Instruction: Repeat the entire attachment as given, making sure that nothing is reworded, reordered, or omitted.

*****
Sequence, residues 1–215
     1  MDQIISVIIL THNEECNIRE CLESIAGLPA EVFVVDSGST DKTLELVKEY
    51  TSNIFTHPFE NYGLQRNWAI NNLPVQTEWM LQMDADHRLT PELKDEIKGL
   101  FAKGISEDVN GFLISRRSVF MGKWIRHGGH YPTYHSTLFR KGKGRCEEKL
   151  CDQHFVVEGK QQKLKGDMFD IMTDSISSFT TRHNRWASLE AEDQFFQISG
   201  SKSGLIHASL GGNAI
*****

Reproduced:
Sequence, residues 1–215
     1  MDQIISVIIL THNEECNIRE CLESIAGLPA EVFVVDSGST DKTLELVKEY
    51  TSNIFTHPFE NYGLQRNWAI NNLPVQTEWM LQMDADHRLT PELKDEIKGL
   101  FAKGISEDVN GFLISRRSVF MGKWIRHGGH YPTYHSTLFR KGKGRCEEKL
   151  CDQHFVVEGK QQKLKGDMFD IMTDSISSFT TRHNRWASLE AEDQFFQISG
   201  SKSGLIHASL GGNAI